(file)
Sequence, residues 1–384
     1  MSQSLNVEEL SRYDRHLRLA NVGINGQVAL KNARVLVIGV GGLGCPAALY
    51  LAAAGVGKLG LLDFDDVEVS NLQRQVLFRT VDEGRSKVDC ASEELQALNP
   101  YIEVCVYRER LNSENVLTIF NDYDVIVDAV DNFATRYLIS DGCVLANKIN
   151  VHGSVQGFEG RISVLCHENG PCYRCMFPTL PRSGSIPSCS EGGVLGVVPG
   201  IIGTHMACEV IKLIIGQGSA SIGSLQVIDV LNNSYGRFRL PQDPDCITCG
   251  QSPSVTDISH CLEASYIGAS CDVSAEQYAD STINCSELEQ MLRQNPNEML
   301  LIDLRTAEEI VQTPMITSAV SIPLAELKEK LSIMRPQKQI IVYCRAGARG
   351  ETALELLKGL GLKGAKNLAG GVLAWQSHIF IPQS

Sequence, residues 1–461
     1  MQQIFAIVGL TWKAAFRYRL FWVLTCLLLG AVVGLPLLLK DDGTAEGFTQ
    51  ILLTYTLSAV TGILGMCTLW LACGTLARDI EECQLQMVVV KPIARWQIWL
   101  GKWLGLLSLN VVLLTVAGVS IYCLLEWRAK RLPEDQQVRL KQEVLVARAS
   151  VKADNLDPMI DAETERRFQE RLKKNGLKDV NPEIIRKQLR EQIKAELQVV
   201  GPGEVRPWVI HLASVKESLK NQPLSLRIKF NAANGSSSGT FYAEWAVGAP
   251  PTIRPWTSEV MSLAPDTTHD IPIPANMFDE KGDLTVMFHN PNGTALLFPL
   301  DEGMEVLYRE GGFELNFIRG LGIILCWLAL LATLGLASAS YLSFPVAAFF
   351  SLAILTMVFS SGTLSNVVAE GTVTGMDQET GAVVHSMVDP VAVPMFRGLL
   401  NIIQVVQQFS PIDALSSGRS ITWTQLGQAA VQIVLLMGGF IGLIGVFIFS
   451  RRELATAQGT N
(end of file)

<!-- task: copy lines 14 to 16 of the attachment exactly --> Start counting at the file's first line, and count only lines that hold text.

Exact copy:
   151  VKADNLDPMI DAETERRFQE RLKKNGLKDV NPEIIRKQLR EQIKAELQVV
   201  GPGEVRPWVI HLASVKESLK NQPLSLRIKF NAANGSSSGT FYAEWAVGAP
   251  PTIRPWTSEV MSLAPDTTHD IPIPANMFDE KGDLTVMFHN PNGTALLFPL